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Alvez appearance arms army battle bear became belonging Blanca brother brought called campaign capital Carlos carried cold command conscript Cossacks dear death dogs dreadful Dubois Duke Emperor England entered eyes face faithful fall father fear feeling feet felt field fire flames flock followed France French gave girl give Grand hands head heart hope hour husband invaders Italy Ivan kind land leave lives look military mind Moscow mother mountain Napoleon native never night officer once orphans passed patriotic Pedro perils persons poor present preservation Pyrenees received remained replied retreat Rollo Russian scenes seemed seen serjeant sheep shepherd side sight snow soldiers soon sound Spain Spaniards Spanish speak strong sufferings tears Teresa thee thou thought thousand took troops turned vast wife winter young
Page 19 - To him the porter openeth, and the sheep hear his voice; and he calleth his own sheep by name, and leadeth them out. And when he putteth forth his own sheep, he goeth before them, and the sheep follow him; for they know his voice.
Page 90 - Than the perishing dead \vho are past all pain. There is something of pride in the perilous hour, Whate'er be the shape in which death may lower ; For Fame is there to say who bleeds, And Honour's eye on daring deeds! But when all is past, it is humbling to tread O'er the weltering field of the...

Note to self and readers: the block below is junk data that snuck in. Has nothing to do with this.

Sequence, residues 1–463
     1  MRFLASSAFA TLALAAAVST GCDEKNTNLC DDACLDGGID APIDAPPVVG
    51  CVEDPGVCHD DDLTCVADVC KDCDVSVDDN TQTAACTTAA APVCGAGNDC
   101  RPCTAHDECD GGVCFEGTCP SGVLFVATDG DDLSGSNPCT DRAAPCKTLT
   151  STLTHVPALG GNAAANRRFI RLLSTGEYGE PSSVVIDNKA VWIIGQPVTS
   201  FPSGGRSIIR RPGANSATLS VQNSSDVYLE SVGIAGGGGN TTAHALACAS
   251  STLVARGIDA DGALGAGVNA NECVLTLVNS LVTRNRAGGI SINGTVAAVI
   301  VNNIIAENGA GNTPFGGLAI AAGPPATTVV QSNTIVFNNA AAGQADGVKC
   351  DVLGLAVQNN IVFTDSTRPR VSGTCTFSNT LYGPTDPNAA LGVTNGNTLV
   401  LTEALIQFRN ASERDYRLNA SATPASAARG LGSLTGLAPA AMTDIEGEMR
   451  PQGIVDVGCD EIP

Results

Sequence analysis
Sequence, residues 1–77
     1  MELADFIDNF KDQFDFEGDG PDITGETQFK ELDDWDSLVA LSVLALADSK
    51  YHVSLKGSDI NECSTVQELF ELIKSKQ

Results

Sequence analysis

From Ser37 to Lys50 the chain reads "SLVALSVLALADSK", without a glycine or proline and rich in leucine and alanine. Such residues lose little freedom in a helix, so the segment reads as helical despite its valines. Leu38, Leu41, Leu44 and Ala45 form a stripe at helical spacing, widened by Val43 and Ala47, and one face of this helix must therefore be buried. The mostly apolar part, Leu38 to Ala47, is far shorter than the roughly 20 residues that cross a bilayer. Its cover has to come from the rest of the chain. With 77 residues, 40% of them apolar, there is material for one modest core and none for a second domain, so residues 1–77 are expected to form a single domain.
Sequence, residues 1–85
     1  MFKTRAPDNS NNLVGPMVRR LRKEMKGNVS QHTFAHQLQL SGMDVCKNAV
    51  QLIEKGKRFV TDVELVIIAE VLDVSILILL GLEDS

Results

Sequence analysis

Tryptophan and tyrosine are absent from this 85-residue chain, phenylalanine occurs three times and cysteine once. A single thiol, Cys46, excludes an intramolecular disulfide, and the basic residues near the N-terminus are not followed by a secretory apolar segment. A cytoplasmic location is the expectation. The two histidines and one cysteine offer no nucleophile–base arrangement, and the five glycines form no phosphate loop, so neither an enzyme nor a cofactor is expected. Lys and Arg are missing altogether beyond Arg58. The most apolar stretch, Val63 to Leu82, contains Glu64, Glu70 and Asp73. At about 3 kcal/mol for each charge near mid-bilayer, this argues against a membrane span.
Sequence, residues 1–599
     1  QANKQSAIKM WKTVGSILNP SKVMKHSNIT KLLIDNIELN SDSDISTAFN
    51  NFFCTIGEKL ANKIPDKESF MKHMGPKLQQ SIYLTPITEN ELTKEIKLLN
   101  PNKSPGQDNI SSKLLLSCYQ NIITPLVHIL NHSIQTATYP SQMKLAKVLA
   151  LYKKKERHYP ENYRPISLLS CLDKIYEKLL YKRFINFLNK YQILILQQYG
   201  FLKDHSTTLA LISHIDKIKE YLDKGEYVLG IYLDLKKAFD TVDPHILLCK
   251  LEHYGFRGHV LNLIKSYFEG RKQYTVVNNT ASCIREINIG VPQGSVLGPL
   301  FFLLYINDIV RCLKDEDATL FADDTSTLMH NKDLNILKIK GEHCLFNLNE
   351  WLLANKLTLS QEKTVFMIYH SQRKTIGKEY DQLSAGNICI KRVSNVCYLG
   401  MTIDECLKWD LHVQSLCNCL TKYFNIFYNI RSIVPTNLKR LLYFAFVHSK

Page 15 - I saw no place for fire, but they have it, since they dress here the flesh of their sheep, and in the night sometimes keep off the bears by whirling firebrands : four of them, belonging to the flock mentioned above, lie here. , I viewed their flock very carefully, and, by means of our guide and interpreter, made some inquiries of the shepherds, which they answered readily and very civilly.
Page 18 - I desired the shepherd to catch one of his rams, I supposed he would do it with his crook, or probably not be able to do it at all ; but he walked into the flock, and, singling out a ram and a goat, bid them follow him, which they did immediately ; and he talked to them while they were obeying him, holding out his hand as if to give them something. By this method he brought me the ram, which I caught and held without difficulty.
Page 16 - English) a-year for the pasturage of this flock of 2000 sheep. In the winter he sends them into the lower part of Catalonia, a journey of twelve or thirteen days ; and when the snow is melted in the spring, they are conducted back again. They are the whole year kept in motion, and moving from spot to spot, which is owing to the great range they everywhere have of pasture.
Page 17 - ... them. I examined the sheep attentively. They are in general polled, but some have horns, which, in the rams, turn backwards behind the ears, and project half a circle forward : the ewes' horns turn also behind the ears, but do not project ; the legs white or reddish ; speckled faces, some white, some reddish ; they would weigh fat, I reckon on an average, from 15 Ib.
Page 14 - Poterium sanguisorba), and the narrowleaved plantain ( Plantago lanceolata), were eaten, as may be supposed, close. I looked for trefoils, but found scarcely any. It was very apparent that soil and peculiarity of herbage had little to do in rendering these heights proper for sheep. In the northern parts of Europe, the tops of mountains half the height of these (for we were above snow in July) are bogs ; all are so, which I have seen in our islands ; or, at least, the proportion of dry land is very...
Page 13 - On the northern ridge, bearing to the west, are the pastures of the Spanish flocks. This ridge is not, however, the whole ; there are two other mountains quite in a different situation, and the sheep travel from one to another as the pasturage is short or plentiful.